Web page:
The Movie Waffler Interview - WINTERLONG Director David Jackson | The Movie Waffler

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Interview - WINTERLONG Director David Jackson

winterlong film
We chat with writer/director David Jackson about his feature debut.


Interview by Benjamin Poole

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Hi David! It’s nice to talk to you. Regarding your recent film Winterlong, I was very struck by the maverick approach to genre. The film has visual and narrative hallmarks of the Western, yet explores a Social Realist topic, along with the occasional swerve into Comedy (I’m thinking of Doon Mackichan’s silly billy neighbour). If this was the old days of Blockbuster (and I worked there) I certainly wouldn’t know which shelf category to place Winterlong upon! Could you elaborate upon your approach to Winterlong’s generic features (and also suggest where you might place Winterlong in Blockbuster, if it was still going)?

A maverick approach to genre. That’s an interesting starting place. Western. Comedy. Social Realism. Yes, I think you’re right to say Winterlong has a little bit of all those things going on: there’s also elements of romance and coming-of-age too. My intention was to try and wrong foot the audience in the beginning. The film opens in classic British social realist mode: hand-held visuals, up-close emotions. You think it’s going to be a run-of-the-mill father and son story in drab kitchen-sink mode. And then the film slowly opens out into something else, something much more gentle and tender than you first thought - especially when Carole Weyers steps into the picture. The shooting style itself settles down into something more composed and photographic and then there’s the East Sussex landscape, which is what you’re alluding to, I guess, when you ask about westerns. What Winterlong takes from the western is the idea of landscape as drama, meaning, the landscape gets treated as if it were an actual character in the drama itself. I stole this from John Ford. And to answer your question of where to place it at Blockbuster I’d say: under ‘drama’ - a catch-all category for films with tonal shifts. Unfortunately, that makes it a lot harder to sell in the marketplace. But then I never wanted to make a straight genre film, social realist or otherwise.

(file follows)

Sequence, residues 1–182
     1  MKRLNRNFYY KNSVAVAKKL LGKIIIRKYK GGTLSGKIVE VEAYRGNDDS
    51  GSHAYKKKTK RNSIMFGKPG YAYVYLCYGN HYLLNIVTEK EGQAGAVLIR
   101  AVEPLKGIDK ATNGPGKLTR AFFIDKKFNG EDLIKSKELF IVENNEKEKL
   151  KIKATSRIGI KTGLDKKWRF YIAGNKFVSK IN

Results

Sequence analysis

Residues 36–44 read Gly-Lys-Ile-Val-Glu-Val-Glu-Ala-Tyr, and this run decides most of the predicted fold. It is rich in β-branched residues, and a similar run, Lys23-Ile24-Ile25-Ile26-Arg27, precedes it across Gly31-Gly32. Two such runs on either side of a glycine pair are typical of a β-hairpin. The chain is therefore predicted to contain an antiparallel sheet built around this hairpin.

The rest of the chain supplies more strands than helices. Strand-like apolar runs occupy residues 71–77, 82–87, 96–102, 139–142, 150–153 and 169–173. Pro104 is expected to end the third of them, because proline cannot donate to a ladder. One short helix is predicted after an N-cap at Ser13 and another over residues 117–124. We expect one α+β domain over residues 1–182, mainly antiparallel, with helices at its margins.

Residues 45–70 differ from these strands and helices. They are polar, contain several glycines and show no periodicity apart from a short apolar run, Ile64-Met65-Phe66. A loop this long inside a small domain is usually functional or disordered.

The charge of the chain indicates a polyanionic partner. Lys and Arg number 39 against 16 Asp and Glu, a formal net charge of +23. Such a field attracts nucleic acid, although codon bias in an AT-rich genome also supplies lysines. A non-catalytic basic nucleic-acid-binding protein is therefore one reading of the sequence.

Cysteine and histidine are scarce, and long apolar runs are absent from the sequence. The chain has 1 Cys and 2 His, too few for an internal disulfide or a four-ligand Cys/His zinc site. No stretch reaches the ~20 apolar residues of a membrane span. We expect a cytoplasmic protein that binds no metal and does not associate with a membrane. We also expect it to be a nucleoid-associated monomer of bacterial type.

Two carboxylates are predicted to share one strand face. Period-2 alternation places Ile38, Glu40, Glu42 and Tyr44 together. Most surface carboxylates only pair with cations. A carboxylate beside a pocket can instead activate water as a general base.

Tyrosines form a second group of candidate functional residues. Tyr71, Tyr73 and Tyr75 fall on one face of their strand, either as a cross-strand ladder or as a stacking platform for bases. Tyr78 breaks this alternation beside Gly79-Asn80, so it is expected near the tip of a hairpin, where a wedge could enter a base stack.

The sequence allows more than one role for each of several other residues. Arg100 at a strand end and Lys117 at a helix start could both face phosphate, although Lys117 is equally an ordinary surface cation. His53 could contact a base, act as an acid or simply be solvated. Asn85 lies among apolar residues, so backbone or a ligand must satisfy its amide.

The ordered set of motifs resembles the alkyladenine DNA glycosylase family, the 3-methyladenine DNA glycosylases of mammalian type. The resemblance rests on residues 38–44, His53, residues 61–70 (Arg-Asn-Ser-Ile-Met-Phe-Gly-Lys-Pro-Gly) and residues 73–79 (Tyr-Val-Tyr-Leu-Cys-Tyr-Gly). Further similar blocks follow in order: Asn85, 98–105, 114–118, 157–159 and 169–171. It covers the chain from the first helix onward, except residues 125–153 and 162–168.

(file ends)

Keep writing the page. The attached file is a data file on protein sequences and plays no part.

Winterlong certainly seems like a personal project. It’s always interesting to see such a personal vision realised, and especially within the jurisdictions of the lower budgeted film. I’m fascinated by the independent movie industry, where every production is a triumph against the odds. I wonder if you wouldn’t mind talking a little about the development and production of Winterlong, please.

Winterlong is certainly a triumph against the odds. We made the film with very little money and the whole process was very stop-start from the outset. The script was developed to second draft during a six-month writers’ workshop with brilliant story editor Kate Leys. I wrote it as a micro-budget feature I could make but for one reason or another the script went into a drawer while I developed another project through the Creative England iFeatures scheme. That project got to the final stages of selection but wasn’t greenlit into production. Months later, when I got over the disappointment, I took another look at the Winterlong screenplay and thought: you know what, this is actually very good and I’m making it, one way or another. The film was shot in its entirety in 18 days in East Sussex with a small crew in the middle of winter. It was probably the hardest 18 days of my entire life but I had a brilliant team around me who really believed in the script. Editing and final post-production took a year and we had our world premiere at the Edinburgh Film Festival last summer and got a nomination for the Michael Powell Award. That was a real thrill.